What else: I take a savory approach to these steaks, basting them with Shallot Sage Butter and grating fresh horseradish root on top. (It's amazing how fiery fresh horseradish invigorates the smoky meat.) Alternatively, you could take the sweet route, seasoning the steaks with barbecue rub instead of salt and pepper, and slathering them with your favorite sweet barbecue sauce in place of the butter.
The brisket "steak" takes me back to my Barbecue University days at the Greenbrier resort in White Sulphur Springs, West Virginia. A chef there had the genius idea to cook thick slabs of barbecued brisket on a screaming hot grill, just as you would a New York strip. This gave the brisket a sizzling, crusty exterior that lay midway between traditional barbecued brisket and steak, with a handsome smoky crosshatch of grill marks. (It's also a great way to repurpose leftover barbecued brisket.) To this, add a shallot sage butter and a dusting of fiery fresh horseradish and you may just barbecue your next brisket solely to turn it into steak. Note: If you like your steaks lean, cut them from the flat. If you like them richer and fattier, cut them from the point. You've probably guessed by now that I like the latter.
Vegetable oil, for oiling the grill grate
2 pounds barbecued brisket (about 4 pounds uncooked), cut across the grain into 1¼-inch-thick slices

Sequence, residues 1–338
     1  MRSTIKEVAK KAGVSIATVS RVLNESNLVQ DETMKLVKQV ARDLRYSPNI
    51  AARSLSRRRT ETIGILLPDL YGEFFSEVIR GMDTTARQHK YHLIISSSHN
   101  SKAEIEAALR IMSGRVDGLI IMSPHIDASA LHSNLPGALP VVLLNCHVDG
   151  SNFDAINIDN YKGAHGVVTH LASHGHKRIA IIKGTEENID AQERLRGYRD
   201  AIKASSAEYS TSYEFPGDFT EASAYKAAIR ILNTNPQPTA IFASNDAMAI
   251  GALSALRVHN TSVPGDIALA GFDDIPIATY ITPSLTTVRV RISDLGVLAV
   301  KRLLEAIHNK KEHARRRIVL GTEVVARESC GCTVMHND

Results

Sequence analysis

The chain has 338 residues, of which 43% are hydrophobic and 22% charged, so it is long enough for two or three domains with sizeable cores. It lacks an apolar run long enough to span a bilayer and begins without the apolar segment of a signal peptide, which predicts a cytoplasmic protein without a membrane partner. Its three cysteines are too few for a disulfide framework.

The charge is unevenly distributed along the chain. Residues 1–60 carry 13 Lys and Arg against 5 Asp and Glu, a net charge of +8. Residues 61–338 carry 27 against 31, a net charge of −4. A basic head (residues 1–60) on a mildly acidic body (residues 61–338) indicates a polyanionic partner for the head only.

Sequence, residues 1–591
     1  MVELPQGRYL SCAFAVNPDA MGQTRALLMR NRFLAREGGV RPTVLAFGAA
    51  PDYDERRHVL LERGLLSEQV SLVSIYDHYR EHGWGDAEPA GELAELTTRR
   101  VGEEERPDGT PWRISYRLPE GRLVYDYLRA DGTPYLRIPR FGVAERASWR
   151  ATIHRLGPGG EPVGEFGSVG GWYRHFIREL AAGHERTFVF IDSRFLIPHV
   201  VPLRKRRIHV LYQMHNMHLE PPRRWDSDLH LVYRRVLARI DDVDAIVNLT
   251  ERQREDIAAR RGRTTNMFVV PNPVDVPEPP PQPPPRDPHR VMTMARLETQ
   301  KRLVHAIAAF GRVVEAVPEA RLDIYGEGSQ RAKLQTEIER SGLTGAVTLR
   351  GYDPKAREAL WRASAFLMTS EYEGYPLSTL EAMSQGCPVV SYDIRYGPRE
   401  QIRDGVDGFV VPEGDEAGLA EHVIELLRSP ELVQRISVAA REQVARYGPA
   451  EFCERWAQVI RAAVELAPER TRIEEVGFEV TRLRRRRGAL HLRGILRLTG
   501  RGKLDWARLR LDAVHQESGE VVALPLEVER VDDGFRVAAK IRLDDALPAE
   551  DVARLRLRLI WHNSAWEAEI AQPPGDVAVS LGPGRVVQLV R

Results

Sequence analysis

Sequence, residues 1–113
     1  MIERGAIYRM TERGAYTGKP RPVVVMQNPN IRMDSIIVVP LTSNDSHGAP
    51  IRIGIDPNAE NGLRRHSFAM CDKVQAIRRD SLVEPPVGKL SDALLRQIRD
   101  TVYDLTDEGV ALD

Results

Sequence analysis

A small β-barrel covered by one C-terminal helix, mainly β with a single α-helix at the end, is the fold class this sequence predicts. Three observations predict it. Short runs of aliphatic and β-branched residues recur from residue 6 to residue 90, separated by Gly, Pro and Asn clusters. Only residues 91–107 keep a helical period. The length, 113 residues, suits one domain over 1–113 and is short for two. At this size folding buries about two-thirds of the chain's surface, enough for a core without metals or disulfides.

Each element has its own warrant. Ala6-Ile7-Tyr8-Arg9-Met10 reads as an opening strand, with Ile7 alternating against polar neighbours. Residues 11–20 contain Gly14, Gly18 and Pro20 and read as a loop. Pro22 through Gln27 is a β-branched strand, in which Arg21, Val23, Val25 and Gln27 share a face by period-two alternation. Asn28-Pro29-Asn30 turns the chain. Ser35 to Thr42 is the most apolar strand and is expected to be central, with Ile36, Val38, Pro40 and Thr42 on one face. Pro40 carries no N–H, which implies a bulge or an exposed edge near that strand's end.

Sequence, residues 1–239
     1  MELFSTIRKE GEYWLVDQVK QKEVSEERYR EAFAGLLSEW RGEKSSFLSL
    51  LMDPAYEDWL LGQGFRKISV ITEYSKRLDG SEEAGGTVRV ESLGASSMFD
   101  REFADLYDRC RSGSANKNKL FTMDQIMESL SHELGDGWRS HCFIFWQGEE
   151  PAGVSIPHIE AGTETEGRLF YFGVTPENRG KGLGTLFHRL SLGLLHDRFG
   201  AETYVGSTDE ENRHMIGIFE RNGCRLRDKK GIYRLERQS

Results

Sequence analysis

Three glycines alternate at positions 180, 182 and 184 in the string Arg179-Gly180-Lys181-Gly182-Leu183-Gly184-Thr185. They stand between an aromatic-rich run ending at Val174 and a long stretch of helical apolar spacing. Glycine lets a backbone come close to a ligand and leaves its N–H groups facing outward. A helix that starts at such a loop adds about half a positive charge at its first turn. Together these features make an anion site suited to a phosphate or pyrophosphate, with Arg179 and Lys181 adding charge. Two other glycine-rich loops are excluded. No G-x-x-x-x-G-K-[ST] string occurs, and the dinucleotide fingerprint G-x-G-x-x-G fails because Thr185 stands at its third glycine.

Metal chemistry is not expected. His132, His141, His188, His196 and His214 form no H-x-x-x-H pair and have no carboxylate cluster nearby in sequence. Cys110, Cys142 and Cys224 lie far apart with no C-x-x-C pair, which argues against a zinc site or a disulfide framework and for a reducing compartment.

Coarse sea salt and freshly ground black pepper
Shallot Sage Butter (recipe follows)
2-inch chunk of fresh horseradish root, peeled
Set up your grill for direct grilling (lit coals in a single layer in the center of the grill, leaving the front third coal-free or, for a gas grill, with the rear burner on high, the center burner on medium and the front burner off) and heat to high. Brush or scrape the grill grate clean and oil it well.
Season the brisket slices on both sides with salt and pepper. Brush the slices on both sides with half the Shallot Sage Butter; set the remaining butter aside.
Arrange the brisket slices on the grill running diagonal to the bars of the grate. Grill until browned on the bottom, 2 to 4 minutes, giving each slice a quarter turn halfway through to lay on a crosshatch of grill marks.
Gently flip the brisket slices and grill the other side the same way, 2 to 4 minutes more.
Serve the brisket steaks hot off the grill, with the remaining Shallot Sage Butter spooned over them and the fresh horseradish grated on top with a Microplane or other fine-hole grater.
Shallot Sage Butter
Makes ½ cup
Shallot Sage Butter brings a Mediterranean note to a smoked meat with deep American roots. Allium lovers can substitute garlic for the shallots.
8 tablespoons (1 stick) unsalted butter
2 to 3 large shallots, peeled and minced (½ cup)
2 tablespoons chopped fresh sage leaves (plus an optional handful of whole leaves)
Melt the butter in a saucepan over medium heat. Add the shallots and sage and cook until just beginning to brown, 3 minutes. Remove from the heat and keep at room temperature until ready to use. Reheat the butter gently if it solidifies.
Excerpted from The Brisket Chronicles by Steven Raichlen, photographs by Matthew Benson. Workman Publishing © 2019.